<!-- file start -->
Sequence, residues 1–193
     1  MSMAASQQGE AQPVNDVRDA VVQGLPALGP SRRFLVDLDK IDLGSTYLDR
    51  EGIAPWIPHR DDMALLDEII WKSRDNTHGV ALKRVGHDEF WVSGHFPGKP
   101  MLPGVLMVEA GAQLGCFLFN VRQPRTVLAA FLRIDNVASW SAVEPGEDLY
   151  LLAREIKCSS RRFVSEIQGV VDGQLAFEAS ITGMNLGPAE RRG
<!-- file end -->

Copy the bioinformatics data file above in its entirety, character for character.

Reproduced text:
Sequence, residues 1–193
     1  MSMAASQQGE AQPVNDVRDA VVQGLPALGP SRRFLVDLDK IDLGSTYLDR
    51  EGIAPWIPHR DDMALLDEII WKSRDNTHGV ALKRVGHDEF WVSGHFPGKP
   101  MLPGVLMVEA GAQLGCFLFN VRQPRTVLAA FLRIDNVASW SAVEPGEDLY
   151  LLAREIKCSS RRFVSEIQGV VDGQLAFEAS ITGMNLGPAE RRG